Nevertheless, every method is preparing you to talk. As a baby, everyone learned how to speak their native language. Reading and writing came way later. Polyglots are judged on how they speak, not how much grammar or vocabulary they mastered.

How do you learn how to speak? You can’t learn how to speak by yourself, or even with one other person. You find a group of native speakers and you talk to them. You need a community.

When I learn community languages, I aim to speak to the people in my town who speak them. Setting speaking in a community as the goal of your language-learning will determine your success.
No language without speaking in community

Teaching young language-lovers

How can we teach young language-lovers?
How can we teach young language-lovers?

Last weekend I had a great conversation over Skype with my friend’s language-loving son.  Nico is 7, lives in Boston, and loves languages.  We talked so I could encourage his learning as a fellow language-lover.

He spends hours surfing the website Omniglot, when his parents let him, so he knows quite a bit.  When I told him I’m learning Farsi and Somali, he knew exactly what I was talking about.  He even started talking about the Hamitic language family to which Somali belongs.

He has some specific, well-researched interests of his own.  Dying languages fascinate him, and he’s especially interested in Austronesian and Mayan languages.  He also really likes “looping” writing systems, especially Burmese.  When I suggested the writing systems of Sinhalese and Georgian, he mentioned that he likes Armenian writing.  You can see how much this boy knows; my kids have grown up around me (they’re 10 and 12) and they were amazed.  I’ve always been a language nut, but I didn’t know this much till I was 13 at least.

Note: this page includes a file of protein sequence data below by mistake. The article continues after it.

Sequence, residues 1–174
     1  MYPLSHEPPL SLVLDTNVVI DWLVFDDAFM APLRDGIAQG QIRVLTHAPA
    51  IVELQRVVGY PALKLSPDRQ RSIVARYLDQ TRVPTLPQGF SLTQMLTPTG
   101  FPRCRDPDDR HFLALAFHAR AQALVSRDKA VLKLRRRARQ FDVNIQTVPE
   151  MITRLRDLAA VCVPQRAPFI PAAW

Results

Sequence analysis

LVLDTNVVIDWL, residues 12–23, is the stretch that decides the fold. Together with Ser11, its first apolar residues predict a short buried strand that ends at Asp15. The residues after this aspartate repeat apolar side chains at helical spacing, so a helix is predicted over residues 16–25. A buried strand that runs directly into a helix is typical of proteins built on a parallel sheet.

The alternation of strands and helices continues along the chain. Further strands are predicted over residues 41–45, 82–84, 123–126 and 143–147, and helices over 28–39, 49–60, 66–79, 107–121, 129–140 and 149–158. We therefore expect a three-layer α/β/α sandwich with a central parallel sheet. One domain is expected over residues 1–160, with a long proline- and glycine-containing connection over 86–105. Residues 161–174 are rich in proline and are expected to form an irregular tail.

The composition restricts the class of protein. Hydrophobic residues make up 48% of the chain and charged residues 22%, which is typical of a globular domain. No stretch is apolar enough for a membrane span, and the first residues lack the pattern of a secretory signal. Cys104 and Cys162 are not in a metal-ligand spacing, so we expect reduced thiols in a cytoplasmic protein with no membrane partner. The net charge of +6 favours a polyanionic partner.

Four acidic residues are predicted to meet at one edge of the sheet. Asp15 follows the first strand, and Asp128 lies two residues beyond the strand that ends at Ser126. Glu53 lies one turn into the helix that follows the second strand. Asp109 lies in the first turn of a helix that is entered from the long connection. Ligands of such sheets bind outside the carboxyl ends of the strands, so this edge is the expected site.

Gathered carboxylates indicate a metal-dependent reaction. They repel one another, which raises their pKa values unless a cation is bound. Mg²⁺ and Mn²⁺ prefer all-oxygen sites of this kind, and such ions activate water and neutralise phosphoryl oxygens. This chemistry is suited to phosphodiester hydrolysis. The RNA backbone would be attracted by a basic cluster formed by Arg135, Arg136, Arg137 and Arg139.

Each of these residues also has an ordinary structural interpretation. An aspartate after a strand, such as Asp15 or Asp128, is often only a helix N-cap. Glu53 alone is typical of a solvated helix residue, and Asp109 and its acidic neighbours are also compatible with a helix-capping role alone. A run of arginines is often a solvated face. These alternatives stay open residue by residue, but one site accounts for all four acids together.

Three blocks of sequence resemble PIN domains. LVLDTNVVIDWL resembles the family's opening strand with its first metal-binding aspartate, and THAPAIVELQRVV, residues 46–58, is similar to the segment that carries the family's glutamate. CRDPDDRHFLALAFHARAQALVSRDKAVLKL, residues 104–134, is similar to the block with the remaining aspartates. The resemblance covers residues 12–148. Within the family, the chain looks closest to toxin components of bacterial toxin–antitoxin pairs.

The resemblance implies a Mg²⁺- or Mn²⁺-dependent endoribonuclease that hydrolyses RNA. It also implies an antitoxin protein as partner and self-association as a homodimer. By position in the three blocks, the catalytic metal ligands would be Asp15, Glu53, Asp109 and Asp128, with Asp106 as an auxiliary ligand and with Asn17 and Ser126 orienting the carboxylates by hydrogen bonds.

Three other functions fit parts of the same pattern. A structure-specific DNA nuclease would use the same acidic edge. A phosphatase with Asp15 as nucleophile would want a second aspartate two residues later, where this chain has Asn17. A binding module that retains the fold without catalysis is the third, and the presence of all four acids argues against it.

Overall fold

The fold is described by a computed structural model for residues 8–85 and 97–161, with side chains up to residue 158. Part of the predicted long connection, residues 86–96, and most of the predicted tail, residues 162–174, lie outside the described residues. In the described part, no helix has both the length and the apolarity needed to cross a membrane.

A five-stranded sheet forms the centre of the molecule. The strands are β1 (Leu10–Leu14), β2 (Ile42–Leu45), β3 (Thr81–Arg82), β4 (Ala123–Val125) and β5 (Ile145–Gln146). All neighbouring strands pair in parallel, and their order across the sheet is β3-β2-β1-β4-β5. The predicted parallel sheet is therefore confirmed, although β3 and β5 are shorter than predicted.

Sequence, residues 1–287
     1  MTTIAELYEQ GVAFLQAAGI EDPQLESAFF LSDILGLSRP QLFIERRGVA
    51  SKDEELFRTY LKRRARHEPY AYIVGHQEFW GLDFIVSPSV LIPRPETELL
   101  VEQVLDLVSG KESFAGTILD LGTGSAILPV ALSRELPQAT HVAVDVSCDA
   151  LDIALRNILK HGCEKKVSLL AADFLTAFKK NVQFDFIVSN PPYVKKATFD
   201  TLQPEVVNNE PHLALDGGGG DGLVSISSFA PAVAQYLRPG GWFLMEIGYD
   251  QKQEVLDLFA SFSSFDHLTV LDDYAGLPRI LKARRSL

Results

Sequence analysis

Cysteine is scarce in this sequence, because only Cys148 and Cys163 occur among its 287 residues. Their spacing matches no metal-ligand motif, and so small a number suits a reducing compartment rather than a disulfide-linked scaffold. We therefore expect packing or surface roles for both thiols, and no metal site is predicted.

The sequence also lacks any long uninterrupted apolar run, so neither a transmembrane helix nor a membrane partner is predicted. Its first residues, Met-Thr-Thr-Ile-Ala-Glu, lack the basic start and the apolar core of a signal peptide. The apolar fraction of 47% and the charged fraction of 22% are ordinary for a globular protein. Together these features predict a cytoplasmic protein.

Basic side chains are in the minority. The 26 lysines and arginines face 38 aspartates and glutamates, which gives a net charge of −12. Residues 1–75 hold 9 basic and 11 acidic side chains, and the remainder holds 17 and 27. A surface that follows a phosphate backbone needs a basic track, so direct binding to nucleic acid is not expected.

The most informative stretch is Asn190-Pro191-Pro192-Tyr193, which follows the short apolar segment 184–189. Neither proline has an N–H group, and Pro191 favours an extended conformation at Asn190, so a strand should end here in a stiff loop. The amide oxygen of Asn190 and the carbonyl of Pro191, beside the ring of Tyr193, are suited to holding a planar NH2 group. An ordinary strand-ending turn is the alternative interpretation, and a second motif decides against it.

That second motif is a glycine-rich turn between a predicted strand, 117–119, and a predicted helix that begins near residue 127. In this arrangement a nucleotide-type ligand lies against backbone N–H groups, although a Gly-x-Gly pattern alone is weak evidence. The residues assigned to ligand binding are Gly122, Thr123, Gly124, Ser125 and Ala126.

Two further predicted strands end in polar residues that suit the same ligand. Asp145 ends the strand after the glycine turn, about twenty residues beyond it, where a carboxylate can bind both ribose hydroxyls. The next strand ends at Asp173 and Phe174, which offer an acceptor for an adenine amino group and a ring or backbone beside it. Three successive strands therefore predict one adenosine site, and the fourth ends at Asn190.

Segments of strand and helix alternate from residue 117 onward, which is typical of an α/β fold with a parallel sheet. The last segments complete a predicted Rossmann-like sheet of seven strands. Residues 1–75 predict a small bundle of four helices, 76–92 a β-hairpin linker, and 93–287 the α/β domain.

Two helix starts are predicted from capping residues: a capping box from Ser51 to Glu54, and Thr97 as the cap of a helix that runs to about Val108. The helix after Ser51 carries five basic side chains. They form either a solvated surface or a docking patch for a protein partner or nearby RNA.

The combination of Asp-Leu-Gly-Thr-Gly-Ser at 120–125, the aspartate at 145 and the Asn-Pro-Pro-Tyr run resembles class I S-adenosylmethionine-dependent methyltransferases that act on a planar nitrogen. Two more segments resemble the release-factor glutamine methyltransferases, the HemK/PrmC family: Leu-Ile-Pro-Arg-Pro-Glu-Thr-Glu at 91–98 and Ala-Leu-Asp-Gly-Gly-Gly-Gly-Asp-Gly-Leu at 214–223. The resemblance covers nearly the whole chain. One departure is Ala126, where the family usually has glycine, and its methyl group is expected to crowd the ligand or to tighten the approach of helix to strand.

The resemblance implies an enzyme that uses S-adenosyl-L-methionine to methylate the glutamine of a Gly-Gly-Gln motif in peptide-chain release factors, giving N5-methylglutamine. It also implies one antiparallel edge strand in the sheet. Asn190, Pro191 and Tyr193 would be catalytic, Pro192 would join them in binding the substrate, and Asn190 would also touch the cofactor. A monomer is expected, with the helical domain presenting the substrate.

Nico’s parents are not much into languages, but they are looking for ways to engage his interests more broadly, so I was brainstorming together with them.  Here are some things we came up with:

  • Volunteering to work with a refugee family;
  • Attending local ethnic festivals;
  • Taking language classes for children;
  • Visiting language sites, similar to Omniglot.  We found, a Christian missionary site that tells stories in various, very obscure languages (like Tzotzil, a Central American language that Nico happens to be interested in).  Nico knows these basic Bible stories, so he enjoys the familiarity.

I ran out of ideas, though.  What means are there for teaching languages to a kid who is just learning how to read and write his native language, and who is living in a monolingual English home?  Our culture does not have easily-accessible means.  If a child wants to learn English, the US and state governments offer many programs; if a child wants to learn a language besides English, the child is on his or her own with very few resources.  For example, in my area the Minneapolis Public Schools only teach languages in two out of all of the elementary schools in the district, and one of them is a French immersion school.

At the end of the conversation with Nico, I wanted to challenge him to think more broadly about why we learn languages; I told him about the responsibility the love of languages brings.  If someone has a talent of any kind, in my opinion, it is so that he or she can serve those who need help.  People who know languages have a duty to help people in our communities who do not know English well.  We can relieve a bit of their burden of always having to communicate in English and we can help make them feel a little more at home.  Learning languages, while fun in and of itself for us language-lovers, comes with the imperative of using languages to serve others.

What would you suggest for a kid who wants to learn languages, but needs to go outside of his family to do so?  What are ways that a kid can help and serve others with languages?  I would love to hear your input–I will pass it on to Nico.  I look forward to talking to him again.  Please “Like” this post if you think we should offer more language opportunities to our young people!

(Photo credit: DVIDSHUB / / CC BY)